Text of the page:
2019 Bentley EXP 100 GT Concept

Green new deal Bentley builds a 100th-birthday concept that’s full of hope for the company and for the planet. By Jake Groves

Bentley’s vision of future luxury

Most 100-year-olds spend their time reminiscing about the life they’ve led and the impact they’ve made on the world. Not Bentley. With its new EXP 100 GT, it’s looking firmly ahead. While it may just be a concept, this 5.8m-long, up-to-four-seat grand tourer (with scissor doors that are longer than a Renault Twingo) is an early nod to a future all-electric autonomous Bentley.

‘As with all birthdays, it’s a chance to celebrate where you are now and how you got there,’ says exterior design head JP Morgan. ‘This is a car that honours our past, and a beacon for us in the future.’ It’s still clearly a Bentley to look at, with so many design cues from current and past models. ‘There are subtle abstract references to cars from our history like the Continental R-Type and S1 Flying Spur, but what I love is that you don’t see it immediately,’ says Morgan. ‘Nothing on this car looks retro, but the more you look at it you notice that it’s inspired by something we care about.’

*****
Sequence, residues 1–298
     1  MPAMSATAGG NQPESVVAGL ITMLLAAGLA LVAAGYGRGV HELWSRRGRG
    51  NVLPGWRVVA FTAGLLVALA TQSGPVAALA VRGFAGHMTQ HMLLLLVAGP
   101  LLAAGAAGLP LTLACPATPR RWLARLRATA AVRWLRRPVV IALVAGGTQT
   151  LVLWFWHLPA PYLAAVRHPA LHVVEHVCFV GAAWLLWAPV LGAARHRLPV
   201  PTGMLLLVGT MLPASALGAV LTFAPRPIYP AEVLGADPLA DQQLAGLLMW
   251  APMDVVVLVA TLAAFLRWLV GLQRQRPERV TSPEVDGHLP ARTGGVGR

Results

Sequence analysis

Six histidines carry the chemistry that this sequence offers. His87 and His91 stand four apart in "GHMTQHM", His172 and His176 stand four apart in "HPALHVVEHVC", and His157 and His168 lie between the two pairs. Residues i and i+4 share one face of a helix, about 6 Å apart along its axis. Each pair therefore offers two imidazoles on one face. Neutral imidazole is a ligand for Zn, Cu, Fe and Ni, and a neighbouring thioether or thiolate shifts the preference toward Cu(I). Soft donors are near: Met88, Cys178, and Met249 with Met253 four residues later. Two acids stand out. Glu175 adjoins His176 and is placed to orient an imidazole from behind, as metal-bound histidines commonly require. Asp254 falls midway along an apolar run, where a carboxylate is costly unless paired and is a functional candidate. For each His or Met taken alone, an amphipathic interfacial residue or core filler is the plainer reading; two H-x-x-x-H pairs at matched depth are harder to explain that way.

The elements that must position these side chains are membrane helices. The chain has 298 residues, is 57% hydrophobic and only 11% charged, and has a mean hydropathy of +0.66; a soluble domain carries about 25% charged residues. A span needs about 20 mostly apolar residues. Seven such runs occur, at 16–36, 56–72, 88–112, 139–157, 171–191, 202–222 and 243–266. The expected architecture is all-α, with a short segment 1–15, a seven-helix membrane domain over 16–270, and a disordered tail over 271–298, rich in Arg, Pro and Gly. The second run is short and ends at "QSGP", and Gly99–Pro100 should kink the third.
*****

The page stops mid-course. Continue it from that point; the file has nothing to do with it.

Losing a big internal combustion engine from the nose means the cab area can be located much more centrally. That gives a more balanced silhouette, with a shorter bonnet, and those traditional muscular haunches aren’t impinging on the passenger space. Rear pillars plated in recycled copper conceal some clever aerodynamics, enabling the EXP 100 GT to do without a spoiler. Even the wheels are active, changing their shape to focus on aero or cooling.